Past failures don't justify future gun control

AP Photo/Rick Bowmer

It shouldn’t work like this, but anecdotes tend to move us more than facts.

From the earliest days of humanity, we’ve used stories to share information, pass on history, and learn about the world, so it stands to reason that stories also move us to support various laws and regulations, such as gun control.


Just like Uncle Tom’s Cabin swayed many people to become abolitionists, stories can sell us on an awful lot.

But the problem is that there shouldn’t be holes in those stories. While reality doesn’t have to make sense like a good piece of fiction must, some plot holes are just too big to miss.

Take this one trying to push red flag laws in Iowa.

Temple Hiatt’s nephew showed signs of mental illness the day of his death. A Red flag gun safety law could have saved his life.

Hiatt, a volunteer with Iowa Moms Demand Action, said legislation should be put in place to minimize harm from firearms. But until that happens, it’s up to the community to know how to stay safe. Phillip Travis, Hiatt’s nephew, died by suicide from a gun in 2014. This loss has influenced her advocacy by showing her firsthand how gun safety can save lives.

Now, understand that I’m sorry for Hiatt’s loss. Suicide is a serious problem that needs to be addressed.

However, she says her nephew showed signs beforehand. If that’s the case, why didn’t she and her family get a 5150 hold for him? That would have put him in a psychiatric facility for up to 72 hours and, unlike with a red flag law, would have gotten him some much-needed treatment.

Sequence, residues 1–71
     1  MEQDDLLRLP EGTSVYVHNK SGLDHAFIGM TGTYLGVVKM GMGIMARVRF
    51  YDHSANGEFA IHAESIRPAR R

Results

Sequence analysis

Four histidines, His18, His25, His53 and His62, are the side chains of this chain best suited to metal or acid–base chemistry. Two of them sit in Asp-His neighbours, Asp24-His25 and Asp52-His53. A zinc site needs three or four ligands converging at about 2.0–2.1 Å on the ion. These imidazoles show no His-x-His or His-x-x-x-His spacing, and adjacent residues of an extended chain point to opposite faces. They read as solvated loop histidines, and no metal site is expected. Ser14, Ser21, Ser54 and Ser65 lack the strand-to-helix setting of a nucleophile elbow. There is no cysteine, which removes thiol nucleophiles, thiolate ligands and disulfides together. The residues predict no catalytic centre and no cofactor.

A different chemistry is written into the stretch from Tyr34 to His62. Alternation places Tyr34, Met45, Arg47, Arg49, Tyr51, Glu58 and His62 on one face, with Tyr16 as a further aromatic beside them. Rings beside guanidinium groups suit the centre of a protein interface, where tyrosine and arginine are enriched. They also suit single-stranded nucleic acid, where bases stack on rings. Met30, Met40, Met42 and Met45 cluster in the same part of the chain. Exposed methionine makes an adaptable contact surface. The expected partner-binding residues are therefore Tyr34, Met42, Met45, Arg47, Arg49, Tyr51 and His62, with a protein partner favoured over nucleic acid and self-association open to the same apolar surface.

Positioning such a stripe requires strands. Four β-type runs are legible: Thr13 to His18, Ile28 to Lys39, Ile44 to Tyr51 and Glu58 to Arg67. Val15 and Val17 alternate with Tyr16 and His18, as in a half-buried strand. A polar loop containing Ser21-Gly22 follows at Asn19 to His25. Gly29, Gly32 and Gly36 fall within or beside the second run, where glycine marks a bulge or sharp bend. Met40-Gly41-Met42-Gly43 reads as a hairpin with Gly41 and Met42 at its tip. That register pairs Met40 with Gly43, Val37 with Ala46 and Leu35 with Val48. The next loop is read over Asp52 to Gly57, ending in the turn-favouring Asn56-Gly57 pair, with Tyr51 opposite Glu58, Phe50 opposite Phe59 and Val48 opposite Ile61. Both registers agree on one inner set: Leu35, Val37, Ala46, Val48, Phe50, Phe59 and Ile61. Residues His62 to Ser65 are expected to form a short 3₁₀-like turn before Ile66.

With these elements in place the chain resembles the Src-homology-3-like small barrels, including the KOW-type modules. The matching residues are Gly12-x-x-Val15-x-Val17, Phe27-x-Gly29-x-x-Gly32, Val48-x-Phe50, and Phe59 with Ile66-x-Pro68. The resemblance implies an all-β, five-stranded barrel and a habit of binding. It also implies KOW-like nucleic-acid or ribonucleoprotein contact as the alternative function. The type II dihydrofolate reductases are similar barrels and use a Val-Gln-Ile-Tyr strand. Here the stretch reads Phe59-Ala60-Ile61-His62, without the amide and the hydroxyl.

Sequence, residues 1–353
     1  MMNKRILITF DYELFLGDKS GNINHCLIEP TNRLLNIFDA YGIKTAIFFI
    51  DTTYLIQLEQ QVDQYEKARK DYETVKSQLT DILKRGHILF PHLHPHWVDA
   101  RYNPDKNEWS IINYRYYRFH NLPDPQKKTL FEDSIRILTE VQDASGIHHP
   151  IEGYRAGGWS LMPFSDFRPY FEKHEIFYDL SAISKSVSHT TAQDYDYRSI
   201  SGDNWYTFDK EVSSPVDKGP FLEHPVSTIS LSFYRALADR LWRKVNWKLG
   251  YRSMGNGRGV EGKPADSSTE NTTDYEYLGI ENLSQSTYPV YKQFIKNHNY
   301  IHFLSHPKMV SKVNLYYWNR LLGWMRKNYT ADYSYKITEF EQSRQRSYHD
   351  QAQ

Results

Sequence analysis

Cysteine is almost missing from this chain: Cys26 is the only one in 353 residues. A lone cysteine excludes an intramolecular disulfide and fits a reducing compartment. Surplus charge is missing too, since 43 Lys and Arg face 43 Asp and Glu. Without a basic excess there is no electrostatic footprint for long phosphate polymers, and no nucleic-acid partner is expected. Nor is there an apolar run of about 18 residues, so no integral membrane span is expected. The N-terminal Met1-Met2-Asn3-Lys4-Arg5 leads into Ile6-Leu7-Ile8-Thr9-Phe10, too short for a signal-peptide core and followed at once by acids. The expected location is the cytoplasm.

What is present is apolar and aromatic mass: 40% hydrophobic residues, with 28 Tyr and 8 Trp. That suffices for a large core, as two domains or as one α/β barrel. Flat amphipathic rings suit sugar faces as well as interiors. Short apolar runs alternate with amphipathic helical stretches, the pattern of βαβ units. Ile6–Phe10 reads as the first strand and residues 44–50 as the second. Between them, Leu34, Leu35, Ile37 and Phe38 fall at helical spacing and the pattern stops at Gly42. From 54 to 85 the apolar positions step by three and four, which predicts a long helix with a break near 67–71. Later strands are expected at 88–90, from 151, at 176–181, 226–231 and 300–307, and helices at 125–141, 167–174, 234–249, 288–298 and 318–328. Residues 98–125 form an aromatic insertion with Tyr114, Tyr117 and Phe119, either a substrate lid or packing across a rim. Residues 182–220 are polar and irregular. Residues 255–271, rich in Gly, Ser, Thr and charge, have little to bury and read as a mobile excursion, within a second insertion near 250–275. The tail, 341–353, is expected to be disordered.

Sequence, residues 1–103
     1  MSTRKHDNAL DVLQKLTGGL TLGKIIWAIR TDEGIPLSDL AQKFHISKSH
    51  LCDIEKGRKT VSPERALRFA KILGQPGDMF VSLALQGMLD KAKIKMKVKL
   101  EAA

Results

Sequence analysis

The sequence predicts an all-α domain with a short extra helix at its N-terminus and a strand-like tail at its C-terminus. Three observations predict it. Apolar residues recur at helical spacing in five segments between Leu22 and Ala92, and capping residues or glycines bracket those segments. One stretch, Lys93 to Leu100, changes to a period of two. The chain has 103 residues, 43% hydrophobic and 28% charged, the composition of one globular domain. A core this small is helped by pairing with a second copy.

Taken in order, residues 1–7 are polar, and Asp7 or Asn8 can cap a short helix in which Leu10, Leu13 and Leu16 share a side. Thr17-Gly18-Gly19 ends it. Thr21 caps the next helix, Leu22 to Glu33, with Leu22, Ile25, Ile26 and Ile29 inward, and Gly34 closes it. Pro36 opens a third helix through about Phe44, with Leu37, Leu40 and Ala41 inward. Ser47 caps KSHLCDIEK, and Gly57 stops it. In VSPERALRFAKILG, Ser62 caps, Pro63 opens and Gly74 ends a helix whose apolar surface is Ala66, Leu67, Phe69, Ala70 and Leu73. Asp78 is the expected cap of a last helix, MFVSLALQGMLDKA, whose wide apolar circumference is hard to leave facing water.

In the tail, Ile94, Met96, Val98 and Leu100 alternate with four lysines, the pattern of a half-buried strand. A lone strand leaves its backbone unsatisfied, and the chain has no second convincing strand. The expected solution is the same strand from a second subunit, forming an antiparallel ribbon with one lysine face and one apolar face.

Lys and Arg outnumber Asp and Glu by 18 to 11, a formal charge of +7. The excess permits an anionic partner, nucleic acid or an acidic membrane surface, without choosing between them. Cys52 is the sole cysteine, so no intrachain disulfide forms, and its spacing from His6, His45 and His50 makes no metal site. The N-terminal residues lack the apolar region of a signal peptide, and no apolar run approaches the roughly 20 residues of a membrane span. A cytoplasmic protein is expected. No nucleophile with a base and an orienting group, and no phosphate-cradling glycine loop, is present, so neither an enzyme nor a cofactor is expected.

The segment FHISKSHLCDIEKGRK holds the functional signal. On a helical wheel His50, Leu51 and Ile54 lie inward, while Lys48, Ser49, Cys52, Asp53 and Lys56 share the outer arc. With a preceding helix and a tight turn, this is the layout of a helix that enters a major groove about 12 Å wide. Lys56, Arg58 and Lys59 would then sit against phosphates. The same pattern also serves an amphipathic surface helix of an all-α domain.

Further, such a hold removes the individual not just from the possibility of shooting themselves, but killing themselves through pretty much any other means.

Hiatt, like so many others, is trying to use their own failures to justify gun control.

“But 5150 holds deprive people of their freedom,” some might argue, and they wouldn’t be wrong. However, let’s also remember that when you’re trying to take away someone’s civil liberties because you say you’re concerned about them, that argument isn’t going to hold a lot of water.

Opposing both this and red flag laws makes sense. Supporting both, while I can’t say it makes sense, it’s at least consistent.

So I find Hiatt’s tale less than moving because of the holes. She and her family failed to get the nephew the help he needed, so we should all put our freedom at risk so they can feel less guilty about their own mistakes.

Sorry, not interested.

I get feeling the need to do something after losing him. That’s normal. You don’t want anyone else to go through that. Yet gun control isn’t the answer.


She could instead be advocating for more involvement with those suffering from mental illness. She could be advocating for more resources for those suffering.

Instead, she wants gun control, which likely wouldn’t have done what she’s claiming it would have for her nephew.

Sorry, but I’m going to call ’em like I see ’em. Especially since all those alternatives I suggested would do far more to reduce suicides–all causes of suicide, even, not just with guns–than gun control ever could.

Iowa is one of the safer states in the nation. It doesn’t need more gun control and it damn sure doesn’t need a red flag law.

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